Feersum(3pm)          User Contributed Perl Documentation         Feersum(3pm)

       Feersum - A PSGI engine for Perl based on EV/libev

           use Feersum;
           my $ngn = Feersum->endjinn; # singleton

           # register a PSGI handler
           $ngn->psgi_request_handler(sub {
               my $env = shift;
               return [200,
                   ["You win one cryptosphere!\n"]];

           # register a Feersum handler:
           $ngn->request_handler(sub {
               my $req = shift;
               my $t; $t = EV::timer 2, 0, sub {
                       ['Content-Type' => 'text/plain'],
                       \"You win one cryptosphere!\n"
                   undef $t;

       Feersum is an HTTP server built on EV.  It fully supports the PSGI 1.03
       spec including the "psgi.streaming" interface and is compatible with
       Plack.  PSGI 1.1, which has yet to be published formally, is also
       supported.  Feersum also has its own "native" interface which is
       similar in a lot of ways to PSGI, but is not compatible with PSGI or
       PSGI middleware.

       Feersum uses a single-threaded, event-based programming architecture to
       scale and can handle many concurrent connections efficiently in both
       CPU and RAM.  It skips doing a lot of sanity checking with the
       assumption that a "front-end" HTTP/HTTPS server is placed between it
       and the Internet.

   How It Works
       All of the request-parsing and I/O marshalling is done using C or XS
       code.  HTTP parsing is done by picohttpparser, which is the core of
       HTTP::Parser::XS.  The network I/O is done via the libev library. This
       is made possible by "EV::MakeMaker", which allows extension writers to
       link against the same libev that "EV" is using.  This means that one
       can write an evented app using "EV" or AnyEvent from Perl that
       completely co-operates with the server's event loop.

       Since the Perl "app" (handler) is executed in the same thread as the
       event loop, one need to be careful to not block this thread.  Standard
       techniques include using AnyEvent or EV idle and timer watchers, using
       Coro to multitask, and using sub-processes to do heavy lifting (e.g.
       AnyEvent::Worker and AnyEvent::DBI).

       Feersum also attempts to do as little copying of data as possible.
       Feersum uses the low-level "writev" system call to avoid having to copy
       data into a buffer.  For response data, references to scalars are kept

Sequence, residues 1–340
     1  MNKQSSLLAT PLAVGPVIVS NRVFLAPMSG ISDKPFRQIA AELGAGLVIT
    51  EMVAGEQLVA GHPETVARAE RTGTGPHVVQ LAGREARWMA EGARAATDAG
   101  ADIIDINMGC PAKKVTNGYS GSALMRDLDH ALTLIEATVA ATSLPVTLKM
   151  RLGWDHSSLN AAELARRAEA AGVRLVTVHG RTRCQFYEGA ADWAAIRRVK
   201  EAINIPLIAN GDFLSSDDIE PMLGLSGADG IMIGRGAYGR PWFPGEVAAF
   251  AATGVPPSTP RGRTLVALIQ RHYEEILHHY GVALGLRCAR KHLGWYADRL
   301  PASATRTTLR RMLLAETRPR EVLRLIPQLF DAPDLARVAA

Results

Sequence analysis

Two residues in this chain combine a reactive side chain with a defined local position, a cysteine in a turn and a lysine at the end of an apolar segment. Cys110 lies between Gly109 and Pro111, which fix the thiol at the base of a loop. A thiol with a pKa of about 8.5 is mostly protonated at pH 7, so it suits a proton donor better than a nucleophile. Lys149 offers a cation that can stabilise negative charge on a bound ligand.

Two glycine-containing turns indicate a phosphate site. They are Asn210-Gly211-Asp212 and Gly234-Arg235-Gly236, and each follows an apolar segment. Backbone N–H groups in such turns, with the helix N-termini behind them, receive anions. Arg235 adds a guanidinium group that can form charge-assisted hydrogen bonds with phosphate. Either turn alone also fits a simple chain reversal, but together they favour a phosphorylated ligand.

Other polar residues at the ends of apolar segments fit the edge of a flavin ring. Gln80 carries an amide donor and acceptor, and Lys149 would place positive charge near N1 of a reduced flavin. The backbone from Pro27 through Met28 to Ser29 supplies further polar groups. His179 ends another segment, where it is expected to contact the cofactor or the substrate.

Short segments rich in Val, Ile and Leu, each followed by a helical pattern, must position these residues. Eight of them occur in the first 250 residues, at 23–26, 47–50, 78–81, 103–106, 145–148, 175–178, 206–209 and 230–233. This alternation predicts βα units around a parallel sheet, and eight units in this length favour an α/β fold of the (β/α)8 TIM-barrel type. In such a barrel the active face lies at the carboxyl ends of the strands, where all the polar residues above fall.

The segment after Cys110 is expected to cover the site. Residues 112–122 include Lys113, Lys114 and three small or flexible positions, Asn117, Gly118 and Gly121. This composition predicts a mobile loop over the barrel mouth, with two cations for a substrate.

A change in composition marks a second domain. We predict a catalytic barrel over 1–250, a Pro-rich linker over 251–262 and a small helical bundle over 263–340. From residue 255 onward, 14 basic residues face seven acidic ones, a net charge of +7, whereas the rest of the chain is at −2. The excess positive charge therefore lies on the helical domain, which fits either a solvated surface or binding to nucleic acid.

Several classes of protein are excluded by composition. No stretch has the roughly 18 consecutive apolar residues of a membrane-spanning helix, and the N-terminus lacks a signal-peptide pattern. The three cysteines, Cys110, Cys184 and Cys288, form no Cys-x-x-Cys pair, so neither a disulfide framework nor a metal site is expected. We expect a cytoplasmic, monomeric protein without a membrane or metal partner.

in order to avoid copying the string values (once the data is written
       to the socket, the reference is dropped and the data is garbage

       A trivial hello-world handler can process in excess of 5000 requests
       per second on a 4-core Intel(R) Xeon(R) E5335 @ 2.00GHz using TCPv4 on
       the loopback interface, OS Ubuntu 6.06LTS, Perl 5.8.7.  Your mileage
       will likely vary.

       For even faster results, Feersum can support very simple pre-forking
       (See feersum, Feersum::Runner or Plack::Handler::Feersum for details).

       There are two handler interfaces for Feersum: The PSGI handler
       interface and the "Feersum-native" handler interface.  The PSGI handler
       interface is fully PSGI 1.03 compatible and supports "psgi.streaming".
       The "psgix.input.buffered" and "psgix.io" features of PSGI 1.1 are also
       supported.  The Feersum-native handler interface is "inspired by" PSGI,
       but does some things differently for speed.

       Feersum will use "Transfer-Encoding: chunked" for HTTP/1.1 clients and
       "Connection: close" streaming as a fallback.  Technically "Connection:
       close" streaming isn't part of the HTTP/1.0 or 1.1 spec, but many
       browsers and agents support it anyway.

       Currently POST/PUT does not stream input, but read() can be called on
       "psgi.input" to get the body (which has been buffered up before the
       request callback is called and therefore will never block).  Likely
       "read()" will change to raise EAGAIN responses and allow for a callback
       to be registered on the arrival of more data. (The
       "psgix.input.buffered" env var is set to reflect this).

   PSGI interface
       Feersum fully supports the PSGI 1.03 spec including "psgi.streaming".

       See also Plack::Handler::Feersum, which provides a way to use Feersum
       with plackup and Plack::Runner.

       Call "psgi_request_handler($app)" to register $app as a PSGI handler.

           my $app = do $filename;

       The env hash passed in will always have the following keys in addition
       to dynamic ones:

           psgi.version      => [1,0],
           psgi.nonblocking  => 1,
           psgi.multithread  => '', # i.e. false
           psgi.multiprocess => '',
           psgi.streaming    => 1,
           psgi.errors       => \*STDERR,
           SCRIPT_NAME       => "",

       Feersum adds these extensions (see below for info)

           psgix.input.buffered   => 1,
           psgix.output.buffered  => 1,
           psgix.body.scalar_refs => 1,
           psgix.output.guard     => 1,
           psgix.io               => \$magical_io_socket,

       Note that SCRIPT_NAME is always blank (but defined).  PATH_INFO will
       contain the path part of the requested URI.

       For requests with a body (e.g. POST) "psgi.input" will contain a valid
       file-handle.  Feersum currently passes "undef" for psgi.input when